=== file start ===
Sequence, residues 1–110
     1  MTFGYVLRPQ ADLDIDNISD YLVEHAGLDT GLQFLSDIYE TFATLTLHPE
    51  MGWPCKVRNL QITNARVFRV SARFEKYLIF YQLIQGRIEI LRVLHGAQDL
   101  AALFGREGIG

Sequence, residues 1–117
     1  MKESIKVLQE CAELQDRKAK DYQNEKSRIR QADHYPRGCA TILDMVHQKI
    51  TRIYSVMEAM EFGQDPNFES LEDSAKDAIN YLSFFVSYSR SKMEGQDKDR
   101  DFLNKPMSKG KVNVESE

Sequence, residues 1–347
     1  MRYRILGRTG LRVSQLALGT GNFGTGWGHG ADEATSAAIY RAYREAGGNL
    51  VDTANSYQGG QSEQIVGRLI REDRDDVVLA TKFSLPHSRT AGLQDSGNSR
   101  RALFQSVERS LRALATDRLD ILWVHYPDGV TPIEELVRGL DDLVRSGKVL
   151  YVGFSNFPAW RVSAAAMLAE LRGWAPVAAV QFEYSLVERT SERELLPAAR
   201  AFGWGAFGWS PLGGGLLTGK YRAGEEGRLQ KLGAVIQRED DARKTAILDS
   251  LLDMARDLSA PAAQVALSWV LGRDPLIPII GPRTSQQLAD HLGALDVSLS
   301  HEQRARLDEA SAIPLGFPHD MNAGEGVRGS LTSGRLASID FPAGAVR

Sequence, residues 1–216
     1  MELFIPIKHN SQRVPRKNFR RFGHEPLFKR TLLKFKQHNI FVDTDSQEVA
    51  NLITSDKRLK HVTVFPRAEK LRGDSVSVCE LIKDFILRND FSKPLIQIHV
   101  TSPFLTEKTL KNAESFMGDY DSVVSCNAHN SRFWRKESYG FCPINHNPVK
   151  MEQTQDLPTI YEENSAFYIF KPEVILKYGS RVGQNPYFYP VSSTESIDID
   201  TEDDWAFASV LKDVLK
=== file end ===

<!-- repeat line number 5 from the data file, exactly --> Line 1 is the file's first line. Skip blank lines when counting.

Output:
Sequence, residues 1–117